Why is the buzz all about cameras? People are crazy for gear.
When the Canon 1DX was announced it was in the top 10 trending topics for the UK on Twitter for most of the day, despite the fact nobody can own one until March 2012.
Here EOSHD offers a possible explanation for why gear, rather than filmmaking itself, gets so much more attention.
When you invest in gear you know exactly what you’re getting. It is the surest gamble there is.
Investing in a creative project has far greater potential for returns but is a much bigger risk.
Every filmmaker at every level of professionalism and experience does not know what the outcome of their film will be until it is finished. Of course there is such a thing as confidence, belief and preparation but truly – until the film is cut and dried you don’t know for sure if it will be successful as a piece of art or not, let alone whether the audience and the market embraces it.
So if you’re a low budget filmmaker and it is your own money it’s understandable.
Sensible people like to invest in the certainty and security of a camera or lens. These things are important and even if the outcome is unsatisfactory you can claim back a percentage of your investment by selling it on.
If you invest in an actor, or an idea, it could be money down the drain – you just don’t know.
Since the risks are higher, choosing the right actors, locations and ideas is even more important than getting the right camera. Even if it is just $500 spent on a location, it is worth getting right.
Sam Morgan Moore put it well recently on Twitter – “My best investments have been creative projects not kit – thats what brings in the work“.
The filmmaking industry is a business and business decisions are often characterised by making quantified investments and being risk averse so it is no surprise that creativity suffers whilst the industry becomes bloated with tons of surefire gear.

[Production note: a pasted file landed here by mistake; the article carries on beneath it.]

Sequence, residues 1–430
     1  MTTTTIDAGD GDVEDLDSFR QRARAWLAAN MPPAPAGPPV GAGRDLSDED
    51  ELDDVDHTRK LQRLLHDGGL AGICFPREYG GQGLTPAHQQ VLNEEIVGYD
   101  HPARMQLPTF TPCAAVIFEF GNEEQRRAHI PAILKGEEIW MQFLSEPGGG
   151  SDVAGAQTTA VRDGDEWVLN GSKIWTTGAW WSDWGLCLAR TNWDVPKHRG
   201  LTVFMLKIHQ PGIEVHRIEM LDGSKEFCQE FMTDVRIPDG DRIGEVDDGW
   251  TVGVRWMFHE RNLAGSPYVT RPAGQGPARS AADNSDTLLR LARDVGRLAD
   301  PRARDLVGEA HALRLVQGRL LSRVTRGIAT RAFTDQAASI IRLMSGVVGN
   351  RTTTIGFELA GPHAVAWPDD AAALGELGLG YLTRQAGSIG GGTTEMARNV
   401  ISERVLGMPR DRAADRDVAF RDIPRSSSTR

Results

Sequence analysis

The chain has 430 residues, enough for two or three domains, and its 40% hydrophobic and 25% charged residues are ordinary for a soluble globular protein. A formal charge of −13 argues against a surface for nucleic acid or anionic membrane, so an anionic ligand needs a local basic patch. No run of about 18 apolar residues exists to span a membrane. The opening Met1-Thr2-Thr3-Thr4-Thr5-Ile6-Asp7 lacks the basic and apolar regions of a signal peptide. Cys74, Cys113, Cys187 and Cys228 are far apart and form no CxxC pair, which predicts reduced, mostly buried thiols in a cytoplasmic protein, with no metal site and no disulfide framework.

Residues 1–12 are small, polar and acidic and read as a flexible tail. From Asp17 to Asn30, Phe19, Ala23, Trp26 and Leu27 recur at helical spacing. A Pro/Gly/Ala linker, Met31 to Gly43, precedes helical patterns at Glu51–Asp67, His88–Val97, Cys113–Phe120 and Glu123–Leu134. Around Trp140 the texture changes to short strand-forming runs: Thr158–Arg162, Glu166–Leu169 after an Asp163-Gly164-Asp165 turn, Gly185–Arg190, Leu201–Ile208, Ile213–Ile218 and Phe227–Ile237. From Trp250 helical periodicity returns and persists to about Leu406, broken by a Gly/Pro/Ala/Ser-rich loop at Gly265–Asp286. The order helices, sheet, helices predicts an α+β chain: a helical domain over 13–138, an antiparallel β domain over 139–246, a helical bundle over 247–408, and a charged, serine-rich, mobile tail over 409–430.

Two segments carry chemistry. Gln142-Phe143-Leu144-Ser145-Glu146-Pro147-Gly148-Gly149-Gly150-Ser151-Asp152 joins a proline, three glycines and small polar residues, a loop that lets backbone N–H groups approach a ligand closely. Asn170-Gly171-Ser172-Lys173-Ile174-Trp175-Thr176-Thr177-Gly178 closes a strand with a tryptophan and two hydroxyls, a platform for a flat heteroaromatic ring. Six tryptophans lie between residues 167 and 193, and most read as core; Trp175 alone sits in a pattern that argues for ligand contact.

The crazy rush to buy Scarlets and C300s has nothing to do with creativity or filmmaking. It is to do with operational convenience, reliability and business.
Despite how important it is to get an investment in creativity right and the bigger returns if it goes well, there are hardly any resources online in the DSLR community for choosing the right ideas and the right people.
Sadly there won’t ever be one unless interest in it increases.
Gear hogs 80% of the blogosphere online whilst the discussion of creative ideas gets hardly no attention at all. It should ideally be a mix of 50-50.
I think this is also to do with the fact that creativity is quite a subjective and personal thing, whilst a camera is objective. You can all discuss the merits or disadvantages of a camera. It has a quantifiable specification. An actor, aside from a reputation, portfolio and day rate has no such specification at all and you will never see one in a shootout!
With the DSLR revolution – which is really more about self publishing, the real revolution – we’ve seen many talents break out from behind the camera but hardly any from in front of it.
There hasn’t been a star which has shone from our screens through the miracle that is Vimeo – it is nearly always about the technique, the technology or the filmmaker.
Hopefully this will soon change.
Take a risk. Forget spending that $500 on yet another camera or lens and instead direct it toward an actor or a writer. If you have neither of those available, spend it on travelling and film what you see. The risks may be greater but the returns can be huge. Time to roll the dice…